“I had no chance (of catching Junior) and I knew that. My car wouldn’t leave real fast but it would push pretty good. I knew if I could get behind Michael and follow him and make moves and stay close to him I’d be in pretty decent shape, and that’s the way it turned out.”

Elliott Sadler talks with NASCAR on NBC analyst, NASCAR Hall of Famer and former teammate Dale Jarrett  in 2018. Photo by Brian Lawdermilk/Getty Images.

Then there was the 2004 Brickyard 400. Jeff Gordon won in overtime, followed by Yates Racing teammates Dale Jarrett and Sadler.

“I had a really good car the whole race,” said Sadler, who started and finished third. “Coming down towards the end of the race, I felt like I had a little bit faster car than my teammate, Dale (Jarrett), but I couldn’t figure out a real good way to get by him.

“He was so good and didn’t slip any. I felt like if I could get by him and I could get to Gordon and make something happen if I got to him as compared to trying to make something happen with my teammate.

“But to finish third to Jeff Gordon and my teammate was really neat at a place like Indy, but I really felt like I let one get away there.”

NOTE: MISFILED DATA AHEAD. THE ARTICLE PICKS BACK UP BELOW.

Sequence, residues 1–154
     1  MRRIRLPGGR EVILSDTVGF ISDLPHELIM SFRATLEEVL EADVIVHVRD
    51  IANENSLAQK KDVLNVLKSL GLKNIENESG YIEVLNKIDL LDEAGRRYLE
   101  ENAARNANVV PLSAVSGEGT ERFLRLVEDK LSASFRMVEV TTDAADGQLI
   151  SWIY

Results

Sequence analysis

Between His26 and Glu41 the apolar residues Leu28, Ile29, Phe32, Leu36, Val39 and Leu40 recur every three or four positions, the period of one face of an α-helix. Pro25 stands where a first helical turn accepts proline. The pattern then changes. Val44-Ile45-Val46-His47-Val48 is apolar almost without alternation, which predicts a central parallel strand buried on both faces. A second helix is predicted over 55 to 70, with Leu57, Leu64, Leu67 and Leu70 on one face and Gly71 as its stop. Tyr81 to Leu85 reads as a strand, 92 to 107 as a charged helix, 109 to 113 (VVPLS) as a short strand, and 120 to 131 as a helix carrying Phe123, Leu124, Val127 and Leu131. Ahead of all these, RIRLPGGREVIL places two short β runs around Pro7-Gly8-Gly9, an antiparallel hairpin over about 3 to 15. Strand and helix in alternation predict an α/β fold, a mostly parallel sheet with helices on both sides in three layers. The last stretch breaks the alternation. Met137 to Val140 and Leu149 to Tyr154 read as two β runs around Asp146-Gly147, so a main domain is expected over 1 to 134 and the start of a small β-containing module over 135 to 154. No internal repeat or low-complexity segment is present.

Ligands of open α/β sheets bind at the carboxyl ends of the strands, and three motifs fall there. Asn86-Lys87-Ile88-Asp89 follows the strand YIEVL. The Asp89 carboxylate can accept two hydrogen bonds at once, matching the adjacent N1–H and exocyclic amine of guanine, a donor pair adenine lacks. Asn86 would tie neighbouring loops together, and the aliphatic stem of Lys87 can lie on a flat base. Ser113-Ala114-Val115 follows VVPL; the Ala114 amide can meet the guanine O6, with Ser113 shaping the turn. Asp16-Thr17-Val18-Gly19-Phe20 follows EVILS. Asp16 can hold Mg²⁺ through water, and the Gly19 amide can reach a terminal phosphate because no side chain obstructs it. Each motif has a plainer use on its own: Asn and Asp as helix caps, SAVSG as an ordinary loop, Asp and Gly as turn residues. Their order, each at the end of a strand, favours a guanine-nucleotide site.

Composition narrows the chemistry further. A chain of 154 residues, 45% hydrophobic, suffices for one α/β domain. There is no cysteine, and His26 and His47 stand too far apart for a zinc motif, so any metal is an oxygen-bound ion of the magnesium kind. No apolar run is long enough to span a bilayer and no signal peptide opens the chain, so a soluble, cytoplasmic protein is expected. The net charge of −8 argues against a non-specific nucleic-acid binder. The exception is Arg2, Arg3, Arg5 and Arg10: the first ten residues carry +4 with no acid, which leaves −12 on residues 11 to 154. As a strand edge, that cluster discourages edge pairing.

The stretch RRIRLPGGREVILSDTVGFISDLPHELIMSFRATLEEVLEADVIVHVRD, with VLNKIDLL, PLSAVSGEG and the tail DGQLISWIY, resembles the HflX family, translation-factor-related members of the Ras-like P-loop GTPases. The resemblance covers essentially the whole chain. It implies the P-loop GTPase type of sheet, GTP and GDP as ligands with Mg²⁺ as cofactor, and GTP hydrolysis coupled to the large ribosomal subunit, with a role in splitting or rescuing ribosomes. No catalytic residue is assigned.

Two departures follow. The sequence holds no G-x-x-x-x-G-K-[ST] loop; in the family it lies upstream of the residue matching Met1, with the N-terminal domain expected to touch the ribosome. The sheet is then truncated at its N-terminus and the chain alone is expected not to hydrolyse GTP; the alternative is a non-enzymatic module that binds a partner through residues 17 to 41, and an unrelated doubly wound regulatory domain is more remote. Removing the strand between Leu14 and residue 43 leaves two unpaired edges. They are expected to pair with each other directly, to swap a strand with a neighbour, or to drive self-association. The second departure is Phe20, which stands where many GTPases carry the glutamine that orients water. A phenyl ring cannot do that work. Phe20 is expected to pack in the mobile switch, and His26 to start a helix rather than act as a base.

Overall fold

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Sunday Cup race at Las Vegas: Start time, TV channel

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The second round of the Cup playoffs begins with the Sunday Cup race at Las Vegas Motor Speedway.

The 1.5-mile track kicks off the Round of 12. Winning the race and stage points are a premium for playoff drivers before the races at Talladega and the Charlotte Roval.

Kevin Harvick, who won at Bristol, starts from the pole.

Here is all the info for the Sunday Cup race at Las Vegas:

(All times are Eastern)

START: The command to start engines will be given by Las Vegas Raiders owner Mark Davis at 7:07 p.m. The green flag waves at 7:17 p.m.

PRERACE: Cup garage opens at Noon. Drivers report to their cars at 6:50 p.m. The invocation will be given at 7 p.m. by Motor Racing Outreach Chaplain, Billy Mauldin. The national anthem will be performed by Sierra Black at 7:01 p.m.

DISTANCE: The race is 267 laps (400.5 miles) around the 1.5-mile track.

STAGES: Stage 1 ends on Lap 80. Stage 2 ends on Lap 160

TV/RADIO: NBCSN will televise the race. Coverage begins at 6 p.m with NASCAR America, followed by Countdown to Green at 6:30 p.m. Race coverage begins at 7 p.m. Performance Racing Network’s radio coverage will begin at 6 p.m. and also can be heard at SiriusXM NASCAR Radio will carry the broadcast.

STREAMING: Watch the race on the NBC Sports App

FORECAST: The forecast calls for sunny skies with a high of 96 degrees and no chance of rain at the start of the race.

LAST RACE: Kevin Harvick beat Kyle Busch to win at Bristol and claim his ninth win of the season.

LAST POINTS RACE AT LAS VEGAS: Joey Logano beat Matt DiBenedetto and Ricky Stenhouse Jr. in February.

STARTING LINEUP: Click here for the lineup.


Kurt Busch seeks first Las Vegas win but without hometown fans